Editorial

Every year, the homeless count drives home an undeniable message – the number of homeless people in Victoria is on the rise. More needs to be done to help find shelter for the homeless.

The count, called Point in Time was held Jan. 24. People found 109 unsheltered residents in Victoria, up from 34 last year, and 16 in Calhoun County, double the number from last year.

The more-than-triple increase in homeless in one year is alarming.

That number does not include the people who are living at shelters like Perpetual Help Home, Mid-Coast Family Services women’s crisis shelter or Promise Pointe. Each of these shelters have specific needs they are meeting.

The Crossroads is without a shelter for men, women and families, a staggering fact that people who work with the homeless are made sadly aware of daily. Their hands are tied because there is no place to send those seeking shelter from the winter cold and rain or simply a place to sleep.

The Salvation Army shelter, which has been closed since Hurricane Harvey badly damaged it on Aug. 25, 2017, is nearing completion of repairs but is not ready to reopen.

Once it is open, the most it will be able to shelter is 18 men a night.

Obviously, more space is needed.

A lot of discussion is going on in the community about just that.

One idea being discussed by the Salvation Army advisory board is transforming the former thrift store at the shelter site into a shelter for men and then transforming the remaining building shelters for families and women.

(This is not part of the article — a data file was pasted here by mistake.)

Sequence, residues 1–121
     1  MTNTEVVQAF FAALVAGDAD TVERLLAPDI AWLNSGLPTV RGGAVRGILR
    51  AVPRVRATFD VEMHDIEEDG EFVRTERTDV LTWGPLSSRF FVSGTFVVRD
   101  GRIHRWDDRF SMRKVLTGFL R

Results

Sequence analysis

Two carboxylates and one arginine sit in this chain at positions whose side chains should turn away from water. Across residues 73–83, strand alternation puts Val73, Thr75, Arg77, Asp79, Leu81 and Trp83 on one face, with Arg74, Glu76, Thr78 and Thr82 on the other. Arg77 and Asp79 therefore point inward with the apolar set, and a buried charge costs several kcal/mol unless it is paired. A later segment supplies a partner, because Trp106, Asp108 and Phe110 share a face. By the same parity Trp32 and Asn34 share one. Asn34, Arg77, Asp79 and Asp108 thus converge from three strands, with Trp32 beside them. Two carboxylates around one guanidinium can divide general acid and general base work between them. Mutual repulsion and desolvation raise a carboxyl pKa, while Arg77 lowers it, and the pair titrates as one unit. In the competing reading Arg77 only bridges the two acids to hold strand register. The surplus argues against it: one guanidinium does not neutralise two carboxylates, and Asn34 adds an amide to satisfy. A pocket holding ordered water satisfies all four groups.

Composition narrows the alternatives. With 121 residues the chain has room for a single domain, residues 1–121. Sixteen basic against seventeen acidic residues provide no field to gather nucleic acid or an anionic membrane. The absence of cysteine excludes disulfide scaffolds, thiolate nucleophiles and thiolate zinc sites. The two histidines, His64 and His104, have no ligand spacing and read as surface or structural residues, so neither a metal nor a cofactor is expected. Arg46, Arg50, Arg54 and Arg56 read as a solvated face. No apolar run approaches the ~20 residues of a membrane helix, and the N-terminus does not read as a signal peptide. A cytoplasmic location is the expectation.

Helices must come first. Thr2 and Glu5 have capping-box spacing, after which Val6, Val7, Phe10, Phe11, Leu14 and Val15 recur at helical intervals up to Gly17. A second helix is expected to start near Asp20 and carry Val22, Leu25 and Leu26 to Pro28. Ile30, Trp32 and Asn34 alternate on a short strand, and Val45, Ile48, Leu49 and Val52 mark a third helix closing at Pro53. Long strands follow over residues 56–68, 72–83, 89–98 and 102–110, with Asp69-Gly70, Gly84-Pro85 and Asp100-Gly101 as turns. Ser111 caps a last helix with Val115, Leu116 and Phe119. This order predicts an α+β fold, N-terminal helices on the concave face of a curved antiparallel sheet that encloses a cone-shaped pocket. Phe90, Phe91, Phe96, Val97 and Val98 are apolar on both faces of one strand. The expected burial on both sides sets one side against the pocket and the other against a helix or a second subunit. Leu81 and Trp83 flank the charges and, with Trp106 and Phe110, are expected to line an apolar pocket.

While it sounds like a good option, a lot more discussion and planning would have to happen before that could become a reality. The Salvation Army’s new commander, Capt. Kenny Jones, who starts work this week, would have to buy into the option and get the planning and funding set up.

Numerous other options are sure to be discussed among the many caring groups in this community, including the Victoria Homeless Coalition, Mid-Coast Family Services, Perpetual Help Home, Promise Pointe and the numerous churches.

Our community’s priority has to be getting the homeless off the streets and into safe, warm shelters so they can have hot meals and dry places to sleep and can get needed medical attention. This will help get them prepared to find a job and learn to become self-sustaining again.

Leaving the homeless to live in open pastures, under bridges or in broken-down vehicles is not how people, no matter how poor they are, should live.

We, as a community, have to step forward to do our part. We need to support the Salvation Army through monetary donations, volunteering or shopping at the thrift store. We need to remember it has been an important part of our community since 1958, and it needs our continued support.

We also need to support other shelter projects and the agencies who operate them. With these organizations, there can never be too many volunteers or too many donations.

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This opinion reflects the views of the Victoria Advocate’s editorial board.

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